Best Of :: Shopping & Services
When MARS (Music And Recording Store), the chain of music "superstores" founded by the former CEO of Home Depot, spun out of orbit and into the dark sun of bankruptcy last year, it took with it some of the fears of the folks staffing this family-owned company. After all, their employment depends on offering customers "a little more fine-tuned attention than you'd get at a Home Depot," says Alan Hager, one of the helpful employees at Groth, with a wry smile. As you wander from one sprawling specialized section of this 21,000-square-foot store to another, you're politely asked by staffers in each if you have questions or need help. If you don't need assistance, they let you be. If you do, they've got the expertise to answer just about any query, no matter how technical, and the interest and patience to explain the basics to newbies (most of the employees are musicians; many have worked the floor for years). In addition to the usual rock-related gear, Groth has a small-planet-sized selection of ethnic musical instruments, including dozens of djembes as well as drumlogs, congas, cuicas, tablas, goatskin doumbeks, bagpipes, Nigerian waste rattles, and much more. They even have the proverbial jawbone of the ass at Groth. These bleached jawbones from Peru (complete with big ol' teeth) would add a nicely spooky, clacking layer of percussion to a wake for another chain of superstores. Wal-Mart, anyone?
Nestled along the row of specialty shops on St. Paul's Grand Avenue, Wet Paint is an independently owned one-stop artists' shop stocked to the ceiling with just about every type of acrylic, brush, canvas, and paper a craftsperson could require (the place claims an inventory of 30,000-plus products). Wet Paint is especially well known for its sheet paper department, which is exceptionally well equipped with an estimated 3,000 variations (there's a reason to hug a tree, eh?). The store's most endearing quality, however, is that the owners take their role beyond supply retailer to encourage a sense of community through a newsletter (available online) and free public events, which include holiday-inspired demonstrations on specialties such as St. Paddy's Day velvet embossing, and how to decorate an Easter egg, Ukrainian style.
This is the place to go when that sweet infant or well-behaved child earns herself a generous gift. Finery for your favorite little tyke or sweet pea is hand-picked from the likes of Cash Cash, Cake Walk, Mulberry Bush, and a host of other houses of kiddy couture. Playthings by Manhattan Toy Company, Crocodile Creek, Gund, TY, et al. line up beside specialty items ranging from children's books to stickers for the bathtub. It might run you a pretty penny, but it'll be one of the prettiest pennies you've plunked down. (And hey, they deserve it, don't they?)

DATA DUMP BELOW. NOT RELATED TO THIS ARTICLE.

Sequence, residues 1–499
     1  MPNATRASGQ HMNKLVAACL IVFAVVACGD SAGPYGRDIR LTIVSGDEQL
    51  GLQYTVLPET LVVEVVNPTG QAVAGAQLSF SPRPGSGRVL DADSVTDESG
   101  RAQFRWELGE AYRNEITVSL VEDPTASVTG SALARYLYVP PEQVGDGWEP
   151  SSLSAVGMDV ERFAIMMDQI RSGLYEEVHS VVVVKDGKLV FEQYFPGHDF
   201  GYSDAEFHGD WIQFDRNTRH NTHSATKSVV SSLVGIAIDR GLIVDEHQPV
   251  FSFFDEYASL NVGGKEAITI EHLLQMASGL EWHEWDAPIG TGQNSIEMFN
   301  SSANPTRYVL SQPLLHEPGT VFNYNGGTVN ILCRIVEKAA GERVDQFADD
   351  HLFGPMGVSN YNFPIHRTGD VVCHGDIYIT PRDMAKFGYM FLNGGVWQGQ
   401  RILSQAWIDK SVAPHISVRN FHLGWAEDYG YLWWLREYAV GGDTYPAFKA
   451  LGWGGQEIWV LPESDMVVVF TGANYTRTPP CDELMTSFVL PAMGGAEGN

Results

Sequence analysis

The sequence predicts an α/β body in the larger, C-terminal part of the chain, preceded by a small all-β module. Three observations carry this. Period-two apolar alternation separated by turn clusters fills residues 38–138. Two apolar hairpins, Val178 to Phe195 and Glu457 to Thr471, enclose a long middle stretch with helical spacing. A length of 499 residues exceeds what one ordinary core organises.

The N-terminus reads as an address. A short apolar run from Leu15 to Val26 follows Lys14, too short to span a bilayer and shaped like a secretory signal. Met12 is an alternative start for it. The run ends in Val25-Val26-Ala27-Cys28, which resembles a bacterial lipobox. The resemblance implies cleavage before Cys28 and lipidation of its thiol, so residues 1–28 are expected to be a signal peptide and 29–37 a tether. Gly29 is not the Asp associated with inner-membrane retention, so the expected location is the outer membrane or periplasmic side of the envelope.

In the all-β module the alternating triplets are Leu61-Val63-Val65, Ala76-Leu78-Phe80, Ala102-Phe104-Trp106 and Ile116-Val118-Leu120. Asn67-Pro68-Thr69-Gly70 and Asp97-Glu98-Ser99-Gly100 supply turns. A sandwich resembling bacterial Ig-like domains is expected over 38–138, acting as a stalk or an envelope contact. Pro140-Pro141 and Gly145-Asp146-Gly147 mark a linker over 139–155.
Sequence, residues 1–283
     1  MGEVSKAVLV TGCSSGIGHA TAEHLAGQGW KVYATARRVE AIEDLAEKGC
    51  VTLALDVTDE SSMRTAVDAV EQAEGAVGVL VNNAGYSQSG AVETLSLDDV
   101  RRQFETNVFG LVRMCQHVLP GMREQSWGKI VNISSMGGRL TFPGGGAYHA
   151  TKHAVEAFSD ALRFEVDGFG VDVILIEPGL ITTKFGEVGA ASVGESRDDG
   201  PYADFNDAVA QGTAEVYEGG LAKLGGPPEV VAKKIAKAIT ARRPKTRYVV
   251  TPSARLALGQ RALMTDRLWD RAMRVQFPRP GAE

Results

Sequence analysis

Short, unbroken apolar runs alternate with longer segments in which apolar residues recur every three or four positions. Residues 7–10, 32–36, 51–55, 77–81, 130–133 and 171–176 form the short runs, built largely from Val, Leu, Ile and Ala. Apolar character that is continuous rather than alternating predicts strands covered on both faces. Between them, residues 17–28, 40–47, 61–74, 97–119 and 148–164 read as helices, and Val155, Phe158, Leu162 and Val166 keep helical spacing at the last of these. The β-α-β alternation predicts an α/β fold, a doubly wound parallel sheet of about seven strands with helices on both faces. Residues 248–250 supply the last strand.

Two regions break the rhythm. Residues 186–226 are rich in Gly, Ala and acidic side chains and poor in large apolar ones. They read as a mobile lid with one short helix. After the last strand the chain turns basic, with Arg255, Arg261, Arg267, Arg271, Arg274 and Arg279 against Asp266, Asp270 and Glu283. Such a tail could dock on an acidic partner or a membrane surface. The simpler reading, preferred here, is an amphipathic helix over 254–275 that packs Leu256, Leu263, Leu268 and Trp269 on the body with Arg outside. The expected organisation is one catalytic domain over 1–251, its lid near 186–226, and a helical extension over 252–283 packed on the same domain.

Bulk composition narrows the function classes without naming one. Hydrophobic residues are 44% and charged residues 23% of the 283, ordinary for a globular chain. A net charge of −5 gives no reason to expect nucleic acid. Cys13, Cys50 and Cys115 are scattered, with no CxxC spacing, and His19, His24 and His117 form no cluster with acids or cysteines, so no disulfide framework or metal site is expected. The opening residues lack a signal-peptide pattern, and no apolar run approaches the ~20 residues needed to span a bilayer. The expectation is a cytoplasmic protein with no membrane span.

If, like us, you use LaSalle as the staggerway from the Minneapolis nightlife to your cat-pee-scented Uptown hovel, then you've passed by the VanDusen Center a million times and thought, "Damn, I wonder what the inside of that place looks like?" Well, here's your golden chance to find out. The 1892 mansion has been fully renovated and offers king or queen beds, desks, VCRs, cable TV, in-room phones (no charge for local calls), and private baths. No cats. No roommate's boyfriend. And although prices vary according to date and season, on a good night rooms cost the same as 86 cups of coffee at Bob's Java Hut ($129). The architecture, which is a blend of Richardsonian Romanesque and French Renaissance revival (that's "castle lookin'" to you), is dreamy, and the woodwork is so shiny you can see yourself in it. Next time the parents are in town, or maybe just the next time you get engaged, do something special for yourself; live like royalty for the night. The stagger home will never be the same.
Sure, this West Bank institution offers a cerebellum-blowing selection of bicycles; ditto for lights, bells, mirrors, racks, saddles, lube, heart rate monitors, riding gear, and just about every other piece of bike-related paraphernalia you can imagine. Hell, they even stock a trike and a couple of different unicycles for those who find two-wheeled conveyances too conventional. But it's the shop's friendly, helpful workers, informative bulletin board, reasonably priced maintenance classes, and $10 an hour do-it-yourself repair shop that make it a cycling community resource second to none.
There's a bit of a fetishist in all of us, and Saint Sabrina's proves it every time a customer walks through its gates, er, doors--despite whether they come to peer or get punctured. Standout clothing, shoes that could pass as artwork, and artwork in the form of tattoos and body piercing are their business, and damned if they don't do it well. "They" are staff members from all over the country who are well educated in their art (passion, for most), not to mention good humored: They actually encourage you to gawk at them (perhaps a bit narcissistic, but beauty is pain, after all). They keep an excellent selection of body jewelry (organic, too), but if they don't have the nose stud, barbell, or plug you're looking for, it can easily be ordered on the spot. Prices are a little steep, but they make up for it with a militant sense of cleanliness. And really, are you willing to compromise when it comes to your flesh--or argue with the person holding the needle?